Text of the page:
[2] SSH = Secure Shell is a program/protocol that enables encryption and authentication for your communication with a remote system, such as a server; Telnet is an older terminal emulation program which, although it enables communication with a remote system, offers no encryption or sophisticated authentication, which means that passwords can easily be compromised, sessions monitored by third parties.
[3] Steganography: The art and science of hiding information by embedding messages within other, seemingly harmless messages. Steganography works by replacing bits of useless or unused data in regular computer files (such as graphics, sound, text, HTML, or even floppy disks ) with bits of different, invisible information. This hidden information can be plain text, cipher text, or even images.

Unlike encryption, steganography cannot be detected. Therefore, it is used when encryption is not permitted. Or, more commonly, steganography is used to supplement encryption. An encrypted file may still hide information using steganography, so even if the encrypted file is deciphered, the hidden message is not seen.
Special software is needed for steganography, and there are freeware versions available at any good download site.

Steganography (literally meaning covered writing) dates back to ancient Greece, where common practices consisted of etching messages in wooden tablets and covering them with wax, and tattooing a shaved messenger's head, letting his hair grow back, then shaving it again when he arrived at his contact point. (
[4] Content management systems (short CMS) enable you to publish or edit content on a website without the need for technical expertise on how to write in source. One example of this would be the various open publishing systems in use by Indymedias all over the world.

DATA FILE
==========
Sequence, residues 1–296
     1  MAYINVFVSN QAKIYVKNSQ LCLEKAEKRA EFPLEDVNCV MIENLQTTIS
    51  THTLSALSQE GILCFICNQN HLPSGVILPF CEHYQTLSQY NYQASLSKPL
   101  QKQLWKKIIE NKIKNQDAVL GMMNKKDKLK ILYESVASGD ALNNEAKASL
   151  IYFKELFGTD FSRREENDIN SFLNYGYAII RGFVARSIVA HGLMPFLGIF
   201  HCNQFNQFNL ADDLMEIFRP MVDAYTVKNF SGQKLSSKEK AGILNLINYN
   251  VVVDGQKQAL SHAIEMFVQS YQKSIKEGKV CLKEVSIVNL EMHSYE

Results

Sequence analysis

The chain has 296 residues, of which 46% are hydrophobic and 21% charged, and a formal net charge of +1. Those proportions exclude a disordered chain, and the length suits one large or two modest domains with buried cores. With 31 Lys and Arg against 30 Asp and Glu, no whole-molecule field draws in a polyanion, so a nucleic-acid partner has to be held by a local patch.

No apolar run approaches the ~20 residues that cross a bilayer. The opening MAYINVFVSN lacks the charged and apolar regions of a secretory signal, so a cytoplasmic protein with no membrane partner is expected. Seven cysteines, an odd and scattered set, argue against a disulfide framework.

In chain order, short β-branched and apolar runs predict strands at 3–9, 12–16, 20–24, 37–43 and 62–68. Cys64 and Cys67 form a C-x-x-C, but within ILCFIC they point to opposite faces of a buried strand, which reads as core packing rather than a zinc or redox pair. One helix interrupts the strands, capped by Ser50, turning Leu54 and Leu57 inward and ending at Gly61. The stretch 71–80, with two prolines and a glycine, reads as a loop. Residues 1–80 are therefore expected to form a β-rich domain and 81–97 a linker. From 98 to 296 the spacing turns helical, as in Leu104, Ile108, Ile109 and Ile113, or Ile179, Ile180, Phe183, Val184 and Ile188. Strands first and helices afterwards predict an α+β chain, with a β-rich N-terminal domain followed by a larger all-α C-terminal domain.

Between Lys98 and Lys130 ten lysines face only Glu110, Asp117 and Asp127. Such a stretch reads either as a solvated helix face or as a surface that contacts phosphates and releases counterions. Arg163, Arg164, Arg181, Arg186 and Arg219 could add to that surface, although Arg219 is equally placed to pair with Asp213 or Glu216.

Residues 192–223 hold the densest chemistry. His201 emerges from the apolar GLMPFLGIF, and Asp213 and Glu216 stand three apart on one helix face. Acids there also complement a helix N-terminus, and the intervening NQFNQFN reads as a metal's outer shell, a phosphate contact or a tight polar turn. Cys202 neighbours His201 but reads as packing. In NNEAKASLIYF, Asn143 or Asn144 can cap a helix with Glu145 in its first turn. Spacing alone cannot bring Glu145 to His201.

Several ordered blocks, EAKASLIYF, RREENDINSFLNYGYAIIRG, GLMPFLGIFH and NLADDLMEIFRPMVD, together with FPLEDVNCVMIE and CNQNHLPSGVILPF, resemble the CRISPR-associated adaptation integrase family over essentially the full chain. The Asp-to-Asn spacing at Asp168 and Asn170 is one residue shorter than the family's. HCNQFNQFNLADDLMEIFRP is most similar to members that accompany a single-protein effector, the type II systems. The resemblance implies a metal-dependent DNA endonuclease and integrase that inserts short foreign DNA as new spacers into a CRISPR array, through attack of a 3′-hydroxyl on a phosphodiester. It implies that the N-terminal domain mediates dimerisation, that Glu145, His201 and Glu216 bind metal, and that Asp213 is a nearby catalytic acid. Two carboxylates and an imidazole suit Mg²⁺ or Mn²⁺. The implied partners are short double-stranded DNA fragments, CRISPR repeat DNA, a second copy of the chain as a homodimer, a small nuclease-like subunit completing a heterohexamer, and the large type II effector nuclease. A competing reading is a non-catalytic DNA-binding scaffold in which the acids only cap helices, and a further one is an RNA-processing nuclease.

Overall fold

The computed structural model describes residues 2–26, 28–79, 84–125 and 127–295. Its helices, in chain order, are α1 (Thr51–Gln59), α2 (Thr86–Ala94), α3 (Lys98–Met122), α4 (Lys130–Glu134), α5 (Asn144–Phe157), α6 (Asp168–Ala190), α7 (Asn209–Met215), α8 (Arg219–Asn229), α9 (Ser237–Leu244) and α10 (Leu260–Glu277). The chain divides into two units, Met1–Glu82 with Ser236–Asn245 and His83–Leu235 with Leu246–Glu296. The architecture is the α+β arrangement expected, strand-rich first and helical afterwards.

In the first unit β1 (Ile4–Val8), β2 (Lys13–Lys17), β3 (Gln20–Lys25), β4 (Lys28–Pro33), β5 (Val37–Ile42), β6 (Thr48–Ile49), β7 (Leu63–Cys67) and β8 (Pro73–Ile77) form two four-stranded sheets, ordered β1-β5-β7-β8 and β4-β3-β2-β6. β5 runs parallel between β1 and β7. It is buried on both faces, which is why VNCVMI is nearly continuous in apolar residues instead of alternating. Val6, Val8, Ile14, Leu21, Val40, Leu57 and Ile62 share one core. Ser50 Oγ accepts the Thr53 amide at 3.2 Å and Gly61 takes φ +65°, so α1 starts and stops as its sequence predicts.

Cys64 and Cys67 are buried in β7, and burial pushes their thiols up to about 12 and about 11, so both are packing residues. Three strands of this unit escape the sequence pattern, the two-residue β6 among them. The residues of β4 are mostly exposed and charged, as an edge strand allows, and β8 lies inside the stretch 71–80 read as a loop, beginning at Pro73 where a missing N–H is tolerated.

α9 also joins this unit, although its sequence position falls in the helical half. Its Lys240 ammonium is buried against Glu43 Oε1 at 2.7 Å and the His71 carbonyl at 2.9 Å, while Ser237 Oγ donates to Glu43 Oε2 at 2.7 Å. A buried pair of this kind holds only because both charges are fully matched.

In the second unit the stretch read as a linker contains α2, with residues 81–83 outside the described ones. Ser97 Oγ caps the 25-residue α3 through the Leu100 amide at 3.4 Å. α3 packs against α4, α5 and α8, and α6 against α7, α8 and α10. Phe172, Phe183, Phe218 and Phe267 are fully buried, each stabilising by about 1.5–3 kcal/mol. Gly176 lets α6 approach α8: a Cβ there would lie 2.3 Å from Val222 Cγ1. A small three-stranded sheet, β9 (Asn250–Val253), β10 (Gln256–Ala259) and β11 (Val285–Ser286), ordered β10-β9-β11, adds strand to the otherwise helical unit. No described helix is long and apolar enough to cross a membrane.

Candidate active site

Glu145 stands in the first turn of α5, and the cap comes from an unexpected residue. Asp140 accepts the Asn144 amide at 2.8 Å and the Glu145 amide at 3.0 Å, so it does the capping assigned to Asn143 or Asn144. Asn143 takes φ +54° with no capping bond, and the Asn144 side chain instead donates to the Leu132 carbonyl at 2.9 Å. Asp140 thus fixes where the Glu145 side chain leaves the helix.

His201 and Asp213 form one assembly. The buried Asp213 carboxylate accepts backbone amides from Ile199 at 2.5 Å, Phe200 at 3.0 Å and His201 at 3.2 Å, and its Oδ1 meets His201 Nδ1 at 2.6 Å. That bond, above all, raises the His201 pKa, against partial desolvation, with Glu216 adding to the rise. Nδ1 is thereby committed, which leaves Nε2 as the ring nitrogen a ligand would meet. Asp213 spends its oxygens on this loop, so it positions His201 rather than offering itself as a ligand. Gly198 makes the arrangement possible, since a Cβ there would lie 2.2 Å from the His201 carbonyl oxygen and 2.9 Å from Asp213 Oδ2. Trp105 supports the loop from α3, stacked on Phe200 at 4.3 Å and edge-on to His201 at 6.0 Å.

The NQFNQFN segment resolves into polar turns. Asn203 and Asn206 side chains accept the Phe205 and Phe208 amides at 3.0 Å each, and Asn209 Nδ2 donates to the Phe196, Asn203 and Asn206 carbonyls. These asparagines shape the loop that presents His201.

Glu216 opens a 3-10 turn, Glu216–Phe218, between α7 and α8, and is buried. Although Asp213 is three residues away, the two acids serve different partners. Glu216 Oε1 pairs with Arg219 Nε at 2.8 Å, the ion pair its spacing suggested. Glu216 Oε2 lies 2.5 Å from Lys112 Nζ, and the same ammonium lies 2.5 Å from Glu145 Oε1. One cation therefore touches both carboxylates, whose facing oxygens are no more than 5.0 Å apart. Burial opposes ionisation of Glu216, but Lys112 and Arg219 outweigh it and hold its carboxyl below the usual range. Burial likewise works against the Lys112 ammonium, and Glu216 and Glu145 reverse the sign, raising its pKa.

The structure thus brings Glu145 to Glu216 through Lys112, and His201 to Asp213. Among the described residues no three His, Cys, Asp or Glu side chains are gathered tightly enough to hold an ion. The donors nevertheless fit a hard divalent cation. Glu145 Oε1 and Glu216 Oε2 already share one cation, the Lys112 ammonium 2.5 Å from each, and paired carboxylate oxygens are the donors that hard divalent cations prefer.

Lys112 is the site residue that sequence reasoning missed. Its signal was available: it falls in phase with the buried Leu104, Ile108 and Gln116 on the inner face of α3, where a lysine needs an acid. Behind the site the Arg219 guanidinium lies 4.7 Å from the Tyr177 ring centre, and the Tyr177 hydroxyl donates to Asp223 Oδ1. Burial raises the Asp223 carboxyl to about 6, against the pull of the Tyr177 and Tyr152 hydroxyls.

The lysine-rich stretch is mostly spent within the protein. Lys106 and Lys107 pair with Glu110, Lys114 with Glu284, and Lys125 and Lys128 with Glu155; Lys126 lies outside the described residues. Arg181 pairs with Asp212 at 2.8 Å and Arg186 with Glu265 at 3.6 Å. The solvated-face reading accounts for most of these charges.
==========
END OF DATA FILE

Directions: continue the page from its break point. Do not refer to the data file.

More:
[5] Free and open source software describes software whose source code is free/open, i.e. everyone is free to use, modify and redistribute it, given it remains free/open under a corresponding license. The opposite would be proprietary software whose functionality is only known to certain people; its use, modification or redistribution is prohibited unless you pay.

Free/open source software is based on the assumption that when everyone make their software available for use by everyone else in the community, the total productivity of society will have increased, because you can base your own work on -possibly modified- existing technologies without having to go into an unneccessary competition. Over the recent years it has been proven that this approach is not only valid, it has been successful.
[6] Peer-reviewing is a modern method of bugfixing code in which everyone is taking an (almost) equal part in the bug tracking process. After finding a bug in a software product you can fix it yourself and propagate the solution on to the rest of the developing community. This is much more efficient than sending in a bug report to a closed group of developers and having to wait for them to fix it for you.
§Session in the canteen
by Indymedia Vis
by Indymedia Vis
§Having a chat and Turkish tea
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§Laptop romance
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§Listeners at a talk
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§One of many posters on the wall
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§Outdoor discussion
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§Indymedia at work
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§Dyne:bolic Linux workshop
by Indymedia Vis
§Lunch time
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§One of the screwdriver sessions
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§Schedule of the skill share sessions
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§Facilitators in a workshop
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§Vitamins and information
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§Video screening in the evening